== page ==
• Bad Wolf

  • Bad Wolf Chronicles, Book 1
  • By: Tim McGregor
  • Narrated by: Bob Barton
  • Length: 9 hrs
  • 4.1 out of 5 stars (32 ratings)

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Bad Wolf  By  cover art

Bad Wolf

By: Tim McGregor
Narrated by: Bob Barton
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Publisher's summary

Detective Lara Mendes's hard work finally pays off when she gets the chance to join the homicide detail. There's only one catch; she has to partner up with a cop no one wants to work with.

John Gallagher is a veteran homicide detective who loves stomping bad guys and hates partners. When the Lieutenant saddles him with this green kid named Mendes, his first reaction is to ditch her but a call comes in about a body on the river bank and the rotation says they're up.

What they find are human remains, mutilated and partially devoured. Their investigation reveals a killer stalking the city with a pack of vicious, feral dogs. And the suspect believes he is a werewolf.

But this is Portland, where crazy bastards outnumber normal ones ten to one. Except there's another catch. The crazy werewolf guy? He isn't crazy...

©2012 Tim McGregor (P)2015 Tim McGregor

What listeners say about Bad Wolf

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  • Overall
    3 out of 5 stars
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    2 out of 5 stars
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    3 out of 5 stars

essentially a mystery with paranormal twist

Detective Lara Mendes, a by the book and new homicide cop, gets partnered with John Gallagher, the bad boy of the department. Their first case involves a woman killed and eaten by dogs. All the pieces do not fit; one bite is identified as a large wolf, not a dog, and one DNA sample is identified as not human and not canine. Lara and John try to solve the crime without actually working together in a stereotypical dysfunctional police partner relationship.

This book is essentially a mystery with paranormal twist. The paranormal ingredient is no surprise based on the title. The not human-not canine DNA belongs to a werewolf. He is on a mission of revenge. To stop him, Lara and John first have to identify him. Next is wrapping their heads around the fact that such a thing as a werewolf can exists. The werewolf does have the ability of changing forms at will, not tied to the moon.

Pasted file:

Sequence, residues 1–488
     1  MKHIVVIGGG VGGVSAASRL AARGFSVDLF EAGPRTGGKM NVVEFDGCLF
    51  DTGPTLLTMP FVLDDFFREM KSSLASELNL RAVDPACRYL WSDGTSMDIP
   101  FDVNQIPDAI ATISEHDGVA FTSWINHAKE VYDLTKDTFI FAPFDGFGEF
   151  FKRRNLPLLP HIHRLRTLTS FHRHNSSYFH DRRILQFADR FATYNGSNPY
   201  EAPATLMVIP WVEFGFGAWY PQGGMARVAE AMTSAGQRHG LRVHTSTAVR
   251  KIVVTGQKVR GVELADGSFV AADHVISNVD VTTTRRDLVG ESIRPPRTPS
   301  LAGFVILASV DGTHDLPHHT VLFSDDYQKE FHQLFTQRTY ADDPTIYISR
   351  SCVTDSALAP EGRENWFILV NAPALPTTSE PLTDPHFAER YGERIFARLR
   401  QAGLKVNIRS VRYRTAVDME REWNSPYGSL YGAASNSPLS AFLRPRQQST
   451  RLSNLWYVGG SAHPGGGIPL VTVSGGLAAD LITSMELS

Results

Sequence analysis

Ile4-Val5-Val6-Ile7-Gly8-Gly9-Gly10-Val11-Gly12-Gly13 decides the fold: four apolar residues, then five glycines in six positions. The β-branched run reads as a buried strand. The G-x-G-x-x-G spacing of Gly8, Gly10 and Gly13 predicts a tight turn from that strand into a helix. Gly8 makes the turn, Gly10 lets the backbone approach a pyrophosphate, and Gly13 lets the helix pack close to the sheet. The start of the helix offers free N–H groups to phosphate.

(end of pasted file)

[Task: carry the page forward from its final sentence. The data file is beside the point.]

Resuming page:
The story progresses on a predictable path. Lara and John never break out of the run of the mill cop molds. The backstory on the werewolf does not make me have any feelings, either positive or negative, for him. The book ends abruptly. The reader would have to purchase the next book and the final in the trilogy to get the whole story.

I was not impressed with the narration by Bob Barton. At points it sounded as though he was reading through the book for the first time. When John’s character reacts to Lara with a “sinister grating chuckle like some vaudeville diablo”, it just falls flat. It doesn't sound sinister but is definitely grating.

At timestamp 2 hours, 20 minutes and 52 sections, the narrator does flub a line, stops and repeats it. It sounds like this: “A hack job shelf. Filed into it (throat cleared then percussive sound, like a movie clapperboard). Filed onto it were more of the same cheap notebooks.” I consider this to be an error on the part of production values. This should have been caught and edited out before it was released.

I do not understand why there is not a “proof listening” step in the production of audio books. Authors should insist on it because it affects the reader’s perception of their work and whether the reader will try them again.

I did not find the story compelling enough, either as a mystery or a werewolf story, to continue with the second book in the series. At same point I hope to hear another narration by Mr. Barton and see if it is just this title that is lackluster.

Audiobook provided for review by the author.

Please find this complete review and many others at my review blog

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